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The young man paces down to the edge of the waves, sits down with his bare feet on wet sand and his ass on dry land. He stares out at the horizon. There’s no sun in this place, but at the same time, it’s as light as a sunny late afternoon in California. The waves rolling in are a perfect clear blue, and the water chuckling in around his toes and over the tops of his feet is a refreshing mix of sun-warm and cool.

He doesn’t look behind him, or around. He knows that there will be nothing but endless beach from side to side, and behind, a formless blur of colour. There will be red in that blur, he knows. Red like Max’s hair, red like the rage behind his eyes (strange, how he feels so calm now); red, like blood.

Billy Hargrove knows that he’s dead. He knows how he died (being suffocated slowly by the weight of that horrific malice, afraid every moment of being melted to bubbling gunk of flesh and bone and subsumed into the whole, afraid that the being that spoke with his voice, moved and acted with his body, would kill someone, kill that little red-headed menace and her friends the way it had killed so many others, or worse).

Billy Hargrove died a hero, died protecting that strange, brave little girl that the monster inside him had hated so, so much. She was Max’s friend, and he thought that might not have been enough to make him die defending her, but damnit, he’d owed her.

She’d freed him, given him back control of his own body. She’d cried for him, known the things he never wanted anyone to know, the things that no-one else outside of him could be bothered to see or remember, and fuck it.

She was just a little girl. She hadn’t deserved the suffering that the monster had wanted to inflict, and Billy was an asshole, was enough a bloody-minded, stubborn idiot that fuck, if he wasn’t going to die making sure that the darkness that had fucking destroyed so many people, had taken away his free will and trapped him in the only place that was meant to be his and his alone - his own fucking mind - never got what it wanted.

Max had been there, before it had gotten dark and he’d woken up here. Telling him to stay there, to wake up. For once, Billy was sorry that he hadn’t been able to give Max what she wanted. Over the last year, after she’d scared the shit out of him with that bat, they’d been getting along a bit better. She was fucking fiesty, a sassy little shit, and even if he envied her the protection that being a girl, being Susan’s little girl, gave her; Max wasn’t the worst.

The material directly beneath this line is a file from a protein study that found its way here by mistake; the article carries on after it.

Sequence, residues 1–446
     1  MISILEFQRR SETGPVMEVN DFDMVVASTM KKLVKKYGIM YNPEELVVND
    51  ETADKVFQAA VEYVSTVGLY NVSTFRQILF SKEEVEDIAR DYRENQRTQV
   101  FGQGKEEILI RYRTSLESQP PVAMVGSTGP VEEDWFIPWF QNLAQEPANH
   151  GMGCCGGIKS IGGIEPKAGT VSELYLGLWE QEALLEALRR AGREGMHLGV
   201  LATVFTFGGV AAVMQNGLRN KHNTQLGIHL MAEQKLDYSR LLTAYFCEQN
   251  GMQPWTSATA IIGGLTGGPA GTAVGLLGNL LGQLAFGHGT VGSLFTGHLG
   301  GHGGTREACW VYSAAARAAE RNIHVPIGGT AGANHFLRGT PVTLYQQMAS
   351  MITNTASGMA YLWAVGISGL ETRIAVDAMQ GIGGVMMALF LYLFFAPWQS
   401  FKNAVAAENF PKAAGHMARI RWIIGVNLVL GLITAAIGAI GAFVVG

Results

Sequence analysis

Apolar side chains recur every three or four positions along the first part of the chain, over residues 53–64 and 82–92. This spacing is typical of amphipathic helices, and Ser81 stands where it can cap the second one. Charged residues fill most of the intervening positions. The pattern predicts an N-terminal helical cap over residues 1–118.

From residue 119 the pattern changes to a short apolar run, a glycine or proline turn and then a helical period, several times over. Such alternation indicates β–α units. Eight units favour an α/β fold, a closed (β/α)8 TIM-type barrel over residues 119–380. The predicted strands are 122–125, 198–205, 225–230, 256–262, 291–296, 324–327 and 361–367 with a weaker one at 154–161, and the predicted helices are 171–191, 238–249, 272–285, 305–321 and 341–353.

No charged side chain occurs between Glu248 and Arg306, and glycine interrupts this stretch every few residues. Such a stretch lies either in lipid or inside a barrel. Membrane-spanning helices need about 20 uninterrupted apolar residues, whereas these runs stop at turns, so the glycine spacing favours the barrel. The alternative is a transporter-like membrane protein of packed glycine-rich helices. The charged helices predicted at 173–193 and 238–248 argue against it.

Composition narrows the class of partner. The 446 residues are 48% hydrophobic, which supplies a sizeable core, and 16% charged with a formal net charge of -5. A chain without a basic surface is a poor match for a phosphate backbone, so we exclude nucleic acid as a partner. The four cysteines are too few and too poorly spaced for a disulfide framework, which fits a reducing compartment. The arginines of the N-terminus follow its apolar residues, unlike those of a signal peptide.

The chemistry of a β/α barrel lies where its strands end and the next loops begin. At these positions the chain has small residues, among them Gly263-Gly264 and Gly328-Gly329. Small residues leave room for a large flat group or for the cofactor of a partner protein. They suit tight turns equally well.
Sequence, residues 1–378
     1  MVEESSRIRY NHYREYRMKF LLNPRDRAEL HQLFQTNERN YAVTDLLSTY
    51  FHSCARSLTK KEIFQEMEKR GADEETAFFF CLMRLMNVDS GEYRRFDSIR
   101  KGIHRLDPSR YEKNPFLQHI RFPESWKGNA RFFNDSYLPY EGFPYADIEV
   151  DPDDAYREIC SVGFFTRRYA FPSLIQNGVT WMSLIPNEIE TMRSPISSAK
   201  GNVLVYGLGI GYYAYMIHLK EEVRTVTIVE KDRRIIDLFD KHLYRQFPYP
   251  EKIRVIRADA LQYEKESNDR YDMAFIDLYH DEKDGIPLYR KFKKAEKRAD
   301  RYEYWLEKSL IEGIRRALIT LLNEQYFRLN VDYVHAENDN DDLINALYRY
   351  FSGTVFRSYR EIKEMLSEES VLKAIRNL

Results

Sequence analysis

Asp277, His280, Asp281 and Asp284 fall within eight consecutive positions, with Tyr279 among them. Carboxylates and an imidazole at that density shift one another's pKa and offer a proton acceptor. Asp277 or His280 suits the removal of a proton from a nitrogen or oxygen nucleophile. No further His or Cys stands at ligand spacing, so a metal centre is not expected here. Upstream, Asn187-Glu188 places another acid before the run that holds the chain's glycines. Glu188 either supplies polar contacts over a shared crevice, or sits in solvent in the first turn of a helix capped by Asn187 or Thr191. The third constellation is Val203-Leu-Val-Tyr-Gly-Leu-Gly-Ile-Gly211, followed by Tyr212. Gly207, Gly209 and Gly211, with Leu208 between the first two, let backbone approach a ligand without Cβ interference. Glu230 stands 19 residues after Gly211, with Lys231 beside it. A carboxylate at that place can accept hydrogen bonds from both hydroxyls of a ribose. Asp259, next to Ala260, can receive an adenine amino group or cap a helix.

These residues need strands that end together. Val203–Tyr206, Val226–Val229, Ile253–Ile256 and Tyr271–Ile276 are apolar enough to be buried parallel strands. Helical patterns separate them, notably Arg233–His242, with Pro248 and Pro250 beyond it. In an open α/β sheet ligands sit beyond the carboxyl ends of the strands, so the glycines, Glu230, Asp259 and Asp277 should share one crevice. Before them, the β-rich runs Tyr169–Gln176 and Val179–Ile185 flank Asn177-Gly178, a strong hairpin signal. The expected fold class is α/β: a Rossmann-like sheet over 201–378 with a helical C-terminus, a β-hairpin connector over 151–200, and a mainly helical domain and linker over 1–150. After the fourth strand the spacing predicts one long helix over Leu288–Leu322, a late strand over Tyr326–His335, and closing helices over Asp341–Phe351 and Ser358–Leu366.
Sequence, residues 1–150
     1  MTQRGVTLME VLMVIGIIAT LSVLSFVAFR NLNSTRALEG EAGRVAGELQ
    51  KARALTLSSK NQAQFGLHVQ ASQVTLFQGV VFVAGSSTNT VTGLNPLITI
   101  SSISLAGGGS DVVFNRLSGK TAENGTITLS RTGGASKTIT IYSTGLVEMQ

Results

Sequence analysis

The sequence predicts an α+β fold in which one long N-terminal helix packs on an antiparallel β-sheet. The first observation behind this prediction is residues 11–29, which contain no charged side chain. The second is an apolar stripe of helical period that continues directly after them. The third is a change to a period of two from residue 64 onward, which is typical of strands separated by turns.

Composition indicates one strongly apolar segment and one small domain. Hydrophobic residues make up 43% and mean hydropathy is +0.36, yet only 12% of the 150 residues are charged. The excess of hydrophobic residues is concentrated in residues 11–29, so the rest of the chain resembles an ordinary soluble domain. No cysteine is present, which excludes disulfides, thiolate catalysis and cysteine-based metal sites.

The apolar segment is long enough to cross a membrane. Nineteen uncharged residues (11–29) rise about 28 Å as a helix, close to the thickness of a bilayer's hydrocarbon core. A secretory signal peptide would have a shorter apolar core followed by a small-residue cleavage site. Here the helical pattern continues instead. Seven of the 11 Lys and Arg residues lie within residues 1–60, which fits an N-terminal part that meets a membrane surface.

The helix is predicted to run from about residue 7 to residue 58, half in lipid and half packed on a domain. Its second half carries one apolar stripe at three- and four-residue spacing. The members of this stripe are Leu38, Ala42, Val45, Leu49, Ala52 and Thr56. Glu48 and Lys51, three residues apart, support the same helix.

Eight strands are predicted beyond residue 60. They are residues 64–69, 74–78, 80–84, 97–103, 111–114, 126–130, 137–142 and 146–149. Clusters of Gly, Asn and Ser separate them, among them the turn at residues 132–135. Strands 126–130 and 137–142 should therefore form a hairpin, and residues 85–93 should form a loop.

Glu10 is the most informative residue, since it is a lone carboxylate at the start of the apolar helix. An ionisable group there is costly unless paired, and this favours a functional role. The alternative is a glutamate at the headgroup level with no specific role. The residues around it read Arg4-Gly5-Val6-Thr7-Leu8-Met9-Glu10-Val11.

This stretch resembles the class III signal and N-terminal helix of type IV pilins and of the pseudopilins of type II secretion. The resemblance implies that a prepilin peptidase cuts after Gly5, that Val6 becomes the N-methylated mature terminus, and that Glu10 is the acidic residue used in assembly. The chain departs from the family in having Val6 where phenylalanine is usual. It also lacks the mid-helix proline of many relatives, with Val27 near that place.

But if Max had been there to tell him to stay, he was sure of one thing. Max was brave, not stupid. If she’d been there, it was a fair bet that the fucking monster was dead. And Billy wasn’t exactly happy about being dead, but knowing that, first, the monster hadn’t gotten what it wanted, hadn’t managed to kill that little brown-eyed girl, and second, that the monster was dead, and wouldn’t be going after anyone else, after Max, ever again; that, maybe, made dying a little bit less of a fucking shit deal than it maybe would have been otherwise.

Who had Billy been trying to kid? He’d just been waiting, after all. For the moment when he’d be driving so fast, he wouldn’t be able to hit the brakes in time. Waiting to drink too much and never wake up, for his dad to start in on him and not stop until Billy wasn’t just unconscious, but dead. Waiting to start a bar fight with a fatal ending, or for the moment when a jealous boyfriend or spouse might finally come after him with a knife or a gun.

Billy had been living his life while waiting to die for a long time. Dying for that little girl, to try and buy her some more time? Hell, for an asshole like him, it might be better than he deserved, even.

He opened his eyes, shook his head a little. Billy hadn’t even realised he’d had them closed. He tipped his head back, kept his eyes on the horizon. He sniffed, could smell the salt of the sea, the faint scent of high-summer flowers, floating down from the hills backing onto the beach. Those hills didn’t exactly exist here, but the scent remained.

He’d honestly been expecting to wake up to flames and damnation, the Devil spitting in his face. But then again, what devil could possibly hope to outdo Neil Hargrove, outdo the horror that had ended Billy’s life.

Sitting on this beach, staring at the line where sky met sea for the rest of eternity… It didn’t seem like such a bad deal.

Billy lay back, put his hands behind his head, closed his eyes and tilted his head in the direction where the light was strongest. The air was balmy, and a warm breeze swept through. He smiled.

Yeah, this didn’t seem too bad at all.